The country’s main opposition parties led by the Pheu Thai Party disclosed this week that they intend to defer a planned motion of no confidence in the government to give priority to the passage of two key electoral bills before the house.

These are in the process of being reviewed by a government-controlled committee examining proposed amendments, a process which is expected to be complete by May 24th.

The bills will then have a second and third reading before they can be enacted into law and promulgated giving the country a clear set of tools with which to conduct the next General Election.

Failure to pass the bills will lead to a crisis or political stalemate and their passage will become a key issue when parliament reopens on May 22nd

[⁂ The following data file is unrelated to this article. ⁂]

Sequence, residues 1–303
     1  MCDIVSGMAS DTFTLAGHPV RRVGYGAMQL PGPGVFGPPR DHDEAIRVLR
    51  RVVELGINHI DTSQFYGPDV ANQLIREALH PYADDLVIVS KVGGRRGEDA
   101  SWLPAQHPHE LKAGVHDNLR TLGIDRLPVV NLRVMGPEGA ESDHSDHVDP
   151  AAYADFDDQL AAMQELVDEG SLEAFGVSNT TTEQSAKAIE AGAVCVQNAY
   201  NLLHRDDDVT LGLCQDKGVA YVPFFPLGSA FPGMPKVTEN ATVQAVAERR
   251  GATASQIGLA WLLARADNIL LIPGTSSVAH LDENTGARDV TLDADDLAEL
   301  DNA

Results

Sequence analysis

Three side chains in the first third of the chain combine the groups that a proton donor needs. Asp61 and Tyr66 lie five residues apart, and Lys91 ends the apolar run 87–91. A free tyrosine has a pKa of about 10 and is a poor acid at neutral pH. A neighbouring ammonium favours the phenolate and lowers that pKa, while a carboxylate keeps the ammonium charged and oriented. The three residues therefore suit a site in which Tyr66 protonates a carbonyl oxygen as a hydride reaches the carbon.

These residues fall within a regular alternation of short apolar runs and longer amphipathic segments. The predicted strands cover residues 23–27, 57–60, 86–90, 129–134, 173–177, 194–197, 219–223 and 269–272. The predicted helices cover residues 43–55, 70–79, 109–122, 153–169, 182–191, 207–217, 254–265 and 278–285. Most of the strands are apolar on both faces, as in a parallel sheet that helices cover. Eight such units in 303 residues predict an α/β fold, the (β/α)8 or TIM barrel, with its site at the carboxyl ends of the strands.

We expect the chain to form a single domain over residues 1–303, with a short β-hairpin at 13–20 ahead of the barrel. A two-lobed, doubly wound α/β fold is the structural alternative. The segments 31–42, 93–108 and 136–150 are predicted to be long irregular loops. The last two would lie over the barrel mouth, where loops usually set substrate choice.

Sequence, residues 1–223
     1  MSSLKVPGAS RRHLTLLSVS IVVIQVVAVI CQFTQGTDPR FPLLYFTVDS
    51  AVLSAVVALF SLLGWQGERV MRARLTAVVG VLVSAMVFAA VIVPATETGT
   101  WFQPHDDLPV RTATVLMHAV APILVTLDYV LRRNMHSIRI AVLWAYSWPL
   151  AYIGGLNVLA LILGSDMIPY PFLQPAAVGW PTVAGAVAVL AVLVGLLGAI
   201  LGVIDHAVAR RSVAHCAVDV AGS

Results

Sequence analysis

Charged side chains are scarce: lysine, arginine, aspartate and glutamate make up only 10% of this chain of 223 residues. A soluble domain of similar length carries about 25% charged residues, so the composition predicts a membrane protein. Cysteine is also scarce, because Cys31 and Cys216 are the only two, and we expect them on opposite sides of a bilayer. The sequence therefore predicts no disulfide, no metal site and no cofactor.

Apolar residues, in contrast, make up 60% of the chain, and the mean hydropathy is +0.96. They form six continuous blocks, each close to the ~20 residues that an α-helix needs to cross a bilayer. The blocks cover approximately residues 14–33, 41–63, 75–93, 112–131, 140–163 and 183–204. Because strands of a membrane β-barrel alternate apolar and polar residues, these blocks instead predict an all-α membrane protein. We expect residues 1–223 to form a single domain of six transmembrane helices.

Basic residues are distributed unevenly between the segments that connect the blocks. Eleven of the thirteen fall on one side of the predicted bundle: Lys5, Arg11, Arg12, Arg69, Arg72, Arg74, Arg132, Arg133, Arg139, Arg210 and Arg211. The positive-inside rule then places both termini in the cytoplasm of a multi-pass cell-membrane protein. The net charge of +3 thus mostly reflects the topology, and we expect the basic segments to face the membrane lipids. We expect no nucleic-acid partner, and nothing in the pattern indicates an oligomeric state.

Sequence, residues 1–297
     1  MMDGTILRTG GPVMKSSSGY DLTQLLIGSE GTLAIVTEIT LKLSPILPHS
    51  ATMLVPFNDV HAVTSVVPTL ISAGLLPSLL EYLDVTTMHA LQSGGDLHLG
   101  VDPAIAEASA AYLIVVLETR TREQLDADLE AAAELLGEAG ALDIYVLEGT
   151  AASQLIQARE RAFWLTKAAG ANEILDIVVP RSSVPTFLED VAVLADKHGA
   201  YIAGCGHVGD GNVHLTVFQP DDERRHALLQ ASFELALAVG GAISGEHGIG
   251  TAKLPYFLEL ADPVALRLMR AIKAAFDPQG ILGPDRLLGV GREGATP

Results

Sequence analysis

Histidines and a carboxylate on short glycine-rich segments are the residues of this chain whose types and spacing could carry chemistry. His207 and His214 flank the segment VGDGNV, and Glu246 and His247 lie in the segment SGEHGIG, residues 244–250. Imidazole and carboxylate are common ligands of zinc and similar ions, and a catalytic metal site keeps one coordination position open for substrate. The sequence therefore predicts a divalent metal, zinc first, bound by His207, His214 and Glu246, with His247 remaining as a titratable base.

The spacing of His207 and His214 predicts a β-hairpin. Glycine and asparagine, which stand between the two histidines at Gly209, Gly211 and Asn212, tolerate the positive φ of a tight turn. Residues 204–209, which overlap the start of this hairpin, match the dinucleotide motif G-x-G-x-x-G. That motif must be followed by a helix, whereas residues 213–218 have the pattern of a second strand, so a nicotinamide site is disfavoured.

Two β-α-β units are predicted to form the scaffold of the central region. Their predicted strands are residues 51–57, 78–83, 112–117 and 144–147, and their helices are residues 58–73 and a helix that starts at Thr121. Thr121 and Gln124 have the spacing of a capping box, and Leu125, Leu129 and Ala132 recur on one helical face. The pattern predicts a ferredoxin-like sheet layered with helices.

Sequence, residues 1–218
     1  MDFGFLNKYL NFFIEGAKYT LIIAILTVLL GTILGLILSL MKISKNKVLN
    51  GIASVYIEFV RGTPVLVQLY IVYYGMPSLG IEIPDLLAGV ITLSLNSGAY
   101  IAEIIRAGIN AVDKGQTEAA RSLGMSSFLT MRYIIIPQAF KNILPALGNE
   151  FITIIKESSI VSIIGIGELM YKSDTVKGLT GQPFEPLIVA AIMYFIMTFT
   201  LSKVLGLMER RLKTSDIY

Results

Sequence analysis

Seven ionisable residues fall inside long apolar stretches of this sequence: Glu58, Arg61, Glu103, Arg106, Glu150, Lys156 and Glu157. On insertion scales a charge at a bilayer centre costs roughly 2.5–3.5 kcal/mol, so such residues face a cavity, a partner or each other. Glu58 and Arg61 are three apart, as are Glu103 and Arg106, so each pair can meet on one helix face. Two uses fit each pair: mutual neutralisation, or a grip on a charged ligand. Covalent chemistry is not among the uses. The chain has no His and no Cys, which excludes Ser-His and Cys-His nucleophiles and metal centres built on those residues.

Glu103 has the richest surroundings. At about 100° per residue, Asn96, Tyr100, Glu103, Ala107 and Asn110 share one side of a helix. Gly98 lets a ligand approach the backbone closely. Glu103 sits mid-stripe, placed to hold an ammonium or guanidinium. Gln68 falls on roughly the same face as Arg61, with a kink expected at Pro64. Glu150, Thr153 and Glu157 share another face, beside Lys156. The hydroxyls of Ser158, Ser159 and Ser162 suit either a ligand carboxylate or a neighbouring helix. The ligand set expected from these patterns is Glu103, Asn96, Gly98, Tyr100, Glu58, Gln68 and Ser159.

Senior officials such as the Deputy Prime Minister Wissanu Krea-ngam and the Chairman of the committee reviewing amendments to the laws, Deputy Minister of Public Health Satit Pitutacha, have suggested in recent weeks that a failure to pass the two voting provisions would lead the country to face a political crisis or stalemate.

Pheu Thai calls for a landslide win but a crisis is a rising prospect if new voting laws flounder in parliament

On Monday last, the leader of the Pheu Thai Party, Cholnan Srikaew confirmed that the opposition will not file a motion of no confidence against the government which had been expected in advance of the reopening of parliament on May 22nd until the two bills are enacted into law.

Opposition leaders say the government will not last long after the two voting bills are passed into law

Despite this, the opposition party leader and MP from Nan province predicted that the current government is unlikely to survive for long after the passage of the key measures.